Tynette Deveaux shares why we must put the Buddhist teachings to work in the face of climate change.
It seems we’re at a crossroads with climate change. The choice before us is either to lean in to the reality of it and take meaningful action or to ignore what we are seeing and feeling around us and go about our lives as though we weren’t hastening our own end. This crossroads isn’t exactly new; after all, we’ve known about global warming for decades. But ever since the IPCC report came out in October 2018 stating we need to get things under control by 2030 if we are to have any hope of averting an irreversible climate catastrophe, the world has been placed on notice.
In his 2019 address to the United Nations, Ven. Bhikkhu Bodhi explains that the Buddha’s diagnosis of climate change would rest with the human heart, and more specifically with the roots of craving and ignorance. He reminds us of the parable of the burning house in the Lotus Sutra, in which the children continue to play with their toys while flames surround them. Today, he points out, we are those foolish children going about our everyday lives while our one and only home — the Earth — literally burns.
Whether it’s the raging fires in the Amazon or the devastating hurricanes and floods that are obliterating entire communities, more and more we are forced to confront the high stakes of climate destabilization. We are also forced to examine our reactions and actions (or inaction) in the face of it all. For those of us who embrace the Buddhist teachings, it’s an interesting test of sorts.
Ahimsa, or non-harming, is a fundamental tenet of Buddhist ethics. It seems straightforward enough on paper, but what does it actually mean to live by this principle when we are witnessing entire species becoming extinct and people dying from heat waves, droughts, and storms brought on by global warming? Who are we harming with our lifestyle choices or with our silence on climate justice? Are we brave enough to ask and see?
What about interdependence, another cornerstone of Buddhism? Do we truly understand how we are interconnected with all other people, birds and animals, the water, air, and land — and appreciate the responsibility that comes with this?
And as we experience the fear and panic that climate crisis brings, are we stepping forth as bodhisattvas to help or are we looking out for number one and shoring up our mental defenses to try to insulate ourselves from others’ pain?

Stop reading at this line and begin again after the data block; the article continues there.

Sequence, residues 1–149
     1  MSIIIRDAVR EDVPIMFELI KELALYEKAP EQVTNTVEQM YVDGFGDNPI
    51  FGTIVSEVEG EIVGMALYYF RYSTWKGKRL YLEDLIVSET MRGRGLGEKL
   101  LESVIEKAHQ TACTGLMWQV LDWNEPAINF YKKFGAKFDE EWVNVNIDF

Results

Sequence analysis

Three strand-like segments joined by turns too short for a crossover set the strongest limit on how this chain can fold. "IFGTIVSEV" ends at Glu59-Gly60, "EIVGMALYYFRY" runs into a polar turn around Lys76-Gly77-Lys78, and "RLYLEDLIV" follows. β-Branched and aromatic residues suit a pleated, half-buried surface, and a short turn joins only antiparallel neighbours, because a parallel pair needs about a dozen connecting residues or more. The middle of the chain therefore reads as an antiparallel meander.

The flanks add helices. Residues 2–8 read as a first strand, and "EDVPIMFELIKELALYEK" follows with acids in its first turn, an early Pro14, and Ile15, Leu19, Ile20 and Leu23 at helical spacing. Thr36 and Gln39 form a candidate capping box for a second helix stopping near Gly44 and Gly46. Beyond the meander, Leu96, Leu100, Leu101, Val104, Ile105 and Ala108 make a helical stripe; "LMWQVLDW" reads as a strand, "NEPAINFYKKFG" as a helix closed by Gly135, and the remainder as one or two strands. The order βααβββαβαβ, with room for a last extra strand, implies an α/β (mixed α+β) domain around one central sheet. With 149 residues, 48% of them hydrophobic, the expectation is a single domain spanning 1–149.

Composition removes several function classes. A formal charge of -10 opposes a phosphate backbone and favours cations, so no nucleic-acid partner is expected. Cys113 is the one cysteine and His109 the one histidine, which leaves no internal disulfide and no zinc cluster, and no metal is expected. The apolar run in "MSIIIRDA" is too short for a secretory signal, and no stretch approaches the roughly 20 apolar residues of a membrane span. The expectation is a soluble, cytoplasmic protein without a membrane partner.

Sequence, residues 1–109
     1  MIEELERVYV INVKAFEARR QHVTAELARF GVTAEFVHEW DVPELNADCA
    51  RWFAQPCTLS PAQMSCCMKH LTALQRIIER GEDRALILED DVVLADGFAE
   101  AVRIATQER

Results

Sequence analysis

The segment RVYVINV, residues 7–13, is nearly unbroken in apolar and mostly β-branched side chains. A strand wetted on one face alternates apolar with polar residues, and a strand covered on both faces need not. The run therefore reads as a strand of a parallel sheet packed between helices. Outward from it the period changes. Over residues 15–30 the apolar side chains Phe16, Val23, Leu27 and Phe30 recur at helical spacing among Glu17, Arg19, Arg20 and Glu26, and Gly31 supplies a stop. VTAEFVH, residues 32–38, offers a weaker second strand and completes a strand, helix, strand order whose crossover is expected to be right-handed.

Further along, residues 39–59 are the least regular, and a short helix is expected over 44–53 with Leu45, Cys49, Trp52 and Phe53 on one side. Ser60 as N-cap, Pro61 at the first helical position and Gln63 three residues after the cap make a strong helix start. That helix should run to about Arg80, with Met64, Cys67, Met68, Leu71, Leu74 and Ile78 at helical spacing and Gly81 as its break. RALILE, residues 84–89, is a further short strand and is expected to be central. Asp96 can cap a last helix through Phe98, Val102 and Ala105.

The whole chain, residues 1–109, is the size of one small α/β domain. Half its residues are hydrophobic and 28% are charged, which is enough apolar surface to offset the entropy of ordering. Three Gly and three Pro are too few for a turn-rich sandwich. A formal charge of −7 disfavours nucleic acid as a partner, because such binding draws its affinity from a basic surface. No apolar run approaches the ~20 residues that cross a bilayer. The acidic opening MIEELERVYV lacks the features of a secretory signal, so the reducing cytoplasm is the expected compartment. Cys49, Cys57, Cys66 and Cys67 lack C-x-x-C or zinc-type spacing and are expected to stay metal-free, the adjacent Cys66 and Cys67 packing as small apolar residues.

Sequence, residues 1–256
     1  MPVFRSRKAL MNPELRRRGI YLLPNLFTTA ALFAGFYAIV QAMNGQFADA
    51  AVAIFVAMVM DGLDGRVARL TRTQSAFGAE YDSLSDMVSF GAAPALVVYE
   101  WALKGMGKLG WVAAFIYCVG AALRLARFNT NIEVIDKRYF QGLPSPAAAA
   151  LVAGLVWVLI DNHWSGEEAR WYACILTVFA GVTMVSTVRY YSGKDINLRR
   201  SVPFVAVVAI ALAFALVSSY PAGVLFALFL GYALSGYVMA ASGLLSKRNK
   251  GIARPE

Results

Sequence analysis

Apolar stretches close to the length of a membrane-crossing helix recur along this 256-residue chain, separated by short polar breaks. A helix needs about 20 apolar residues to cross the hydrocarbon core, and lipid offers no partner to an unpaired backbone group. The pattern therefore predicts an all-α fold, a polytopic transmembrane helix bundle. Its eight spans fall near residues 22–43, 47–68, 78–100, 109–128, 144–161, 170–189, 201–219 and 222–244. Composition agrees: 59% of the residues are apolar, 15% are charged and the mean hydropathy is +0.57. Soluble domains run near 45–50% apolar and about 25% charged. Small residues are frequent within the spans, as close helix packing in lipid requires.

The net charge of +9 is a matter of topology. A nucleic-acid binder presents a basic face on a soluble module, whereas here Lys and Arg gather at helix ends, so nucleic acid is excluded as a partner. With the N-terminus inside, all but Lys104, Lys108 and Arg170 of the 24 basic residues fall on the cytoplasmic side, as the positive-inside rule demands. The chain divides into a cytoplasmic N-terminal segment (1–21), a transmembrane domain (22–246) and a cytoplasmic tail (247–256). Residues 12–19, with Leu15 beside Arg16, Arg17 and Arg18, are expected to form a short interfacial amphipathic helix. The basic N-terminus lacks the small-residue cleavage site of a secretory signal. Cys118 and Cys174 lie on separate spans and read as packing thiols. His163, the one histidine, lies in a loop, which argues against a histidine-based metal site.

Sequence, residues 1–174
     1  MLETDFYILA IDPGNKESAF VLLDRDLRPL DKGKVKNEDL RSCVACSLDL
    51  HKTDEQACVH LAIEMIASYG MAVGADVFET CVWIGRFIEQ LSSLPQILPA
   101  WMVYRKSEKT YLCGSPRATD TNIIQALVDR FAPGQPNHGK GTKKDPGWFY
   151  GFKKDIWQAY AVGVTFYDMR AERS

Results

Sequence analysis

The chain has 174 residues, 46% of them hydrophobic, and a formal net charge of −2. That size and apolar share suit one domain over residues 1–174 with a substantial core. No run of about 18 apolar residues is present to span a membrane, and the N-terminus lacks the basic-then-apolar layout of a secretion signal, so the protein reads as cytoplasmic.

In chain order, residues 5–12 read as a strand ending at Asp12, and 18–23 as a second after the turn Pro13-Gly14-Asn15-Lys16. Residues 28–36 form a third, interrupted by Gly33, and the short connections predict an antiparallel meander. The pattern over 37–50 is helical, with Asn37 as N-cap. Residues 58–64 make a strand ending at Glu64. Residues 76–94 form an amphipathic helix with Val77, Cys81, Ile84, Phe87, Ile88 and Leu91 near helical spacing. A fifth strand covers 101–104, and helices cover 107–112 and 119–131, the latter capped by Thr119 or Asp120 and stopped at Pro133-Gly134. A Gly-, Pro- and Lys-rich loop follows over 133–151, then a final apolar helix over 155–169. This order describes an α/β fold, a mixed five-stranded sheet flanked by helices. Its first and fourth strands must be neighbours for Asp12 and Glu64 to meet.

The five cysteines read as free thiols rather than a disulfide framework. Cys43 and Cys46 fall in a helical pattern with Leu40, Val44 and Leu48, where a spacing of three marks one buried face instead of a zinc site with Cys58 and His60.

There will be many tests to come, and many opportunities to put the Buddhist teachings to work. If we believe in the Buddha’s awakening and our ability to do the same, we must awaken to the climate crisis as well. And we must act, quickly.
—Tynette Deveaux, editor, Buddhadharma
Check out the upcoming Global Climate Strike, September 20–27
Here at the End of the World
In this time of so much loss, says Joan Sutherland, we need to come to terms with grief.
We’re entering a time of unimaginable losses, including the possible end of human life on Earth. If we hope to change this, we have to reckon with the fact that whatever we’re doing now isn’t working, since we’re still headed for the cliff, and something is preventing most people from engaging with the emergency, despite all the warnings. It’s possible that an important part of that something is a fear, conscious or unconscious, of the sorrow to come. How will we bear this grief? And won’t grieving make it harder for us to act? But I’m wondering if it is not grief that weakens us, but all we do to avoid it. Perhaps we need, instead, to include it. Grieving won’t keep us from acting, but it will change how we do so, in ways that make a great difference.
Watch Ven. Bhikkhu Bodhi deliver UN speech on climate change emergency
At this year’s United Nations celebration in recognition of Vesak, Venerable Bhikkhu Bodhi gave an address about our need to confront climate change.
Ven Bhikkhu Bodhi: It is said that the Buddha appears in the world out of compassion for the world to promote the good of all humanity. Now we have a clear idea of the collective dangers that we face today and we can see on the horizon a glimmer of hope for a better shared future. Now we must walk the path, the path that will take us towards the future we are presently hoping for. We know the direction in which we have to move. Now, we have to start moving before it is too late.
First Do No Harm
Environmentalist Stephanie Kaza invites us to consider how Buddhist principles can help us nurse the planet back to health.
The first noble truth begins with the suffering that arises from the inevitability of change and loss. Facing this suffering and the delusions it generates is where Buddhist practice begins. In the precepts of the Order of Interbeing, Thich Nhat Hanh urges, “Do not avoid contact with suffering or close your eyes before suffering.” He directs students to be present with suffering to understand the nature of existence. This requires patience and equanimity in the face of disturbing realities — a clear-cut forest reduced to stumps, a once-lush river deadened by chemical waste, a coral reef blasted by dynamite fishing. It is not easy to gaze clear-eyed at these troubling results of human activity.